They were no doubt a sales success at selling "high performance" tires to the public then and Shelby was a Goodyear tire distributor so had special interest in promoting them as well.

First off my biggest issue with radial tires today is they don't last because of the recycled rubber that they use. This recycled compound causes them to crack, flat spot and throw belts. I bought a reproduction set of f60's in 2002 and they are still soft and black with no cracking because they are rubber not recycled material. Radials turn brown and fall apart about every 5 years. If your going to be driving in the rain old radials are just as bad as old bias. I get you don't like the tires but you are a little over the top with your rhetoric.

 My 66 vette has bias on it and my 70 z28 has radials and they both don't drive that well. It's not because of the tires, it's because the steering boxes on both car have almost 100,000 miles on them, and I have older hard radial Dunlop tires on the z28 - which obviously doesn't help. Three of my Plymouth's have radials on them one has bias, they all drive about the same. My two fords as I stated above drive about the same. It's more about suspension, steering box, and alignment then tire today IMO. If this was 1985 I would agree with you. The first thing I did back then was ditch old bias tires and throw radial's on the car. In 2019 for a car I drive in fair weather and to shows, I will take bias over radials any day because they last longer and stay black.           
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shelbydoug

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Re: What tires and size is recommended
« Reply #21 on: May 01, 2019, 02:40:57 PM »
Sure. They rebound terribly from imperfections in the road. You can not safely drive them in the rain. Wet pavement is like driving on snow.

The sidewalls are only 2 ply and tend to develop separations in the walls that can be observed as bubbles or more closely resembling lymphnoma swelling in the glands of the throat.

Their ride hardness contributes to a lengthening of braking distances.

As far as practicality, they are done by 8,000 to 10,000 miles.

Considering how expensive the reproductions are, Avons with the GOODYEAR lettering applied to the walls is a much better solution.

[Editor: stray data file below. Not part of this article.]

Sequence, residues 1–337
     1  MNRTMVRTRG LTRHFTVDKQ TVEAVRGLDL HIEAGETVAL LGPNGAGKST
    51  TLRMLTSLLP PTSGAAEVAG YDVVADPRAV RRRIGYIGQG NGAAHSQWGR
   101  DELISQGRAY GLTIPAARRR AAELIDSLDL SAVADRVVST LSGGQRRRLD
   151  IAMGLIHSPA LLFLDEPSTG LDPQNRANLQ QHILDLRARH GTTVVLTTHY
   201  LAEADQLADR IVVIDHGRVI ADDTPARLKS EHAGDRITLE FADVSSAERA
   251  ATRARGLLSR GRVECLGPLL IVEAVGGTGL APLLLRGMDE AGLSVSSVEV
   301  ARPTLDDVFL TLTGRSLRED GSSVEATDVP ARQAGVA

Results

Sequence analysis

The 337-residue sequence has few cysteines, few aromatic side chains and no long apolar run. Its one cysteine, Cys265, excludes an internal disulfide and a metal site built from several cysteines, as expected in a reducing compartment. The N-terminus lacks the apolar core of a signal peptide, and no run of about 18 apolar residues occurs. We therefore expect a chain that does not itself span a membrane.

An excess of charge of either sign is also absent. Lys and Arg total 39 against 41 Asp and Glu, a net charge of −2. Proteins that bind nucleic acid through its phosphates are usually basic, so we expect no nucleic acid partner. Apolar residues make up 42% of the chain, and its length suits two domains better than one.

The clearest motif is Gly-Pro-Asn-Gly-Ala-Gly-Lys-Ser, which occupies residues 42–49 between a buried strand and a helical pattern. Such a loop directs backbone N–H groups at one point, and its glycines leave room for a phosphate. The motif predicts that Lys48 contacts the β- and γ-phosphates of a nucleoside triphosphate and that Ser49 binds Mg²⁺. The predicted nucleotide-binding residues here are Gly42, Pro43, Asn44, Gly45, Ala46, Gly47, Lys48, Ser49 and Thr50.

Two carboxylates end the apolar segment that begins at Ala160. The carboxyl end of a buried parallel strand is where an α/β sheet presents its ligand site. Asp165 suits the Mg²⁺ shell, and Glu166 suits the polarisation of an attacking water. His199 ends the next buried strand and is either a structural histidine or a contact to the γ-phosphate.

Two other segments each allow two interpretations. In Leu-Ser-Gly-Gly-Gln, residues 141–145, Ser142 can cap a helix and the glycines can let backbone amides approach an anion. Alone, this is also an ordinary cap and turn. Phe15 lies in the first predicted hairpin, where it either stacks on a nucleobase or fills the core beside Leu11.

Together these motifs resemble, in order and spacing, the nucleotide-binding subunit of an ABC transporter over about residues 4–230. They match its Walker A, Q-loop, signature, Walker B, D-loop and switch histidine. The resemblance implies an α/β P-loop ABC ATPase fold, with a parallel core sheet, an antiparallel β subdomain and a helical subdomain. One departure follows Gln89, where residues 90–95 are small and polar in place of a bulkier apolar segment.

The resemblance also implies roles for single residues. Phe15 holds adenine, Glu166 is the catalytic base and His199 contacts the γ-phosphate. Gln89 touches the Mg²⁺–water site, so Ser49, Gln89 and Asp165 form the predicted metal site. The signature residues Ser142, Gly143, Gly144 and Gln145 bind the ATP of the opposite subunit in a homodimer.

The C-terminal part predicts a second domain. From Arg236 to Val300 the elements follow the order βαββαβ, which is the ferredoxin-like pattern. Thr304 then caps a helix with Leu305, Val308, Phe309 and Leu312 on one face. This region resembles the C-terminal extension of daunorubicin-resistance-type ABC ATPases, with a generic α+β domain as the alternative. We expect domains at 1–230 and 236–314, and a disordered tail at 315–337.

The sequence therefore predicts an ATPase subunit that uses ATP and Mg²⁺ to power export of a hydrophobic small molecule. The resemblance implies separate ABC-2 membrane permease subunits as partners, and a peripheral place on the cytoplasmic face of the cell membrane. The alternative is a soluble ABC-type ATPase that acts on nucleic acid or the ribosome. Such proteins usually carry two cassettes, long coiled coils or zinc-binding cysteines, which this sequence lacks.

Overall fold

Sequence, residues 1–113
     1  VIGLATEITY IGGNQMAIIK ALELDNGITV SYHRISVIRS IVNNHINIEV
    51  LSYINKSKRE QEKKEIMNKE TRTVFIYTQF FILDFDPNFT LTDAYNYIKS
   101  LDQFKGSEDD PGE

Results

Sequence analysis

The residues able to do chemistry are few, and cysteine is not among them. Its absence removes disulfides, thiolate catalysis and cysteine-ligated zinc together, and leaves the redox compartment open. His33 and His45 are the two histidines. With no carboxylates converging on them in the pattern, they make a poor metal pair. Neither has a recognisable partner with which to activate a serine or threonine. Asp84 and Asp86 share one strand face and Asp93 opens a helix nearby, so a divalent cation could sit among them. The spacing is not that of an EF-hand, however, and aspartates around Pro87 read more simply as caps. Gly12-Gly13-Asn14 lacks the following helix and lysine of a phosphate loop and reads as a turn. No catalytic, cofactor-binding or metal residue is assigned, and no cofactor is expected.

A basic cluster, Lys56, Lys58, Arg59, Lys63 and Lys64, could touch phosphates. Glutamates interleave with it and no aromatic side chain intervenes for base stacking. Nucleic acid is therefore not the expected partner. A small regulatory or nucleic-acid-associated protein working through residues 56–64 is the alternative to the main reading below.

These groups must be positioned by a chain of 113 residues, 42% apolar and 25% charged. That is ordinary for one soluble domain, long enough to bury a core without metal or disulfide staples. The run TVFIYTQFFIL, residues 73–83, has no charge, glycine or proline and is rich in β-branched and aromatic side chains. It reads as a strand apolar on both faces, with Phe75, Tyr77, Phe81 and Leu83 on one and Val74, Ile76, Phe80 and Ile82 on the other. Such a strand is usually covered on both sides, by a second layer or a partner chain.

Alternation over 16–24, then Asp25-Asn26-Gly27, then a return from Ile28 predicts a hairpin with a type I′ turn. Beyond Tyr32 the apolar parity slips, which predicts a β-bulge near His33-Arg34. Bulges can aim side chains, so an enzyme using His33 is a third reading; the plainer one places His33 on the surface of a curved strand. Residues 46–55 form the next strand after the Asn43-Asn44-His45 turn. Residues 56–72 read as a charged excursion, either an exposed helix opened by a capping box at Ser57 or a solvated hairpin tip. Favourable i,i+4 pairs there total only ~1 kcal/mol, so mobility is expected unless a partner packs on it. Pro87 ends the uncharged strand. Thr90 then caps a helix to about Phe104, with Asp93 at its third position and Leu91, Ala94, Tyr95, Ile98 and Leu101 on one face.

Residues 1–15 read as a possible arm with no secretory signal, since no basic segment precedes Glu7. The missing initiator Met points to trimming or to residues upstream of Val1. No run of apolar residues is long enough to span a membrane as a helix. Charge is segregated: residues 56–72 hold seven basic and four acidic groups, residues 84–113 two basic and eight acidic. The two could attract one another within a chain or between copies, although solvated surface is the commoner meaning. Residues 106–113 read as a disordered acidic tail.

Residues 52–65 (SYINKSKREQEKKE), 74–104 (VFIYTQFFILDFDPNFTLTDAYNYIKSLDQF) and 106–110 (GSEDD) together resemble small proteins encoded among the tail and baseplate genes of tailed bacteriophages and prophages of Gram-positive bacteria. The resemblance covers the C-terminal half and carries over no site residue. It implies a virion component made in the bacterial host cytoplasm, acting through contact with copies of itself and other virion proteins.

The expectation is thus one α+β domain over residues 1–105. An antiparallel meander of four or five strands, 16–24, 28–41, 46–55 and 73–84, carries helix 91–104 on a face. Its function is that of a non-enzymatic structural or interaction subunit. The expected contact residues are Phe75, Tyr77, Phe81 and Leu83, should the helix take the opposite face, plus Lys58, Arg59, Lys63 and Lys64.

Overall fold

They were no doubt a sales success at selling "high performance" tires to the public then and Shelby was a Goodyear tire distributor so had special interest in promoting them as well.

First off my biggest issue with radial tires today is they don't last because of the recycled rubber that they use. This recycled compound causes them to crack, flat spot and throw belts. I bought a reproduction set of f60's in 2002 and they are still soft and black with no cracking because they are rubber not recycled material. Radials turn brown and fall apart about every 5 years. If your going to be driving in the rain old radials are just as bad as old bias. I get you don't like the tires but you are a little over the top with your rhetoric.

 My 66 vette has bias on it and my 70 z28 has radials and they both don't drive that well. It's not because of the tires, it's because the steering boxes on both car have almost 100,000 miles on them, and I have older hard radial Dunlop tires on the z28 - which obviously doesn't help. Three of my Plymouth's have radials on them one has bias, they all drive about the same. My two fords as I stated above drive about the same. It's more about suspension, steering box, and alignment then tire today IMO. If this was 1985 I would agree with you. The first thing I did back then was ditch old bias tires and throw radial's on the car. In 2019 for a car I drive in fair weather and to shows, I will take bias over radials any day because they last longer and stay black.           

It's not rhetoric. It is my opinion, yes.

If you don't like other opinions that's fine, but don't ask for them.

Make your own discoveries and mistakes.

You can't please everyone so you've got to please yourself. Enough from me. I don't know nuthin'.  ;)

427hunter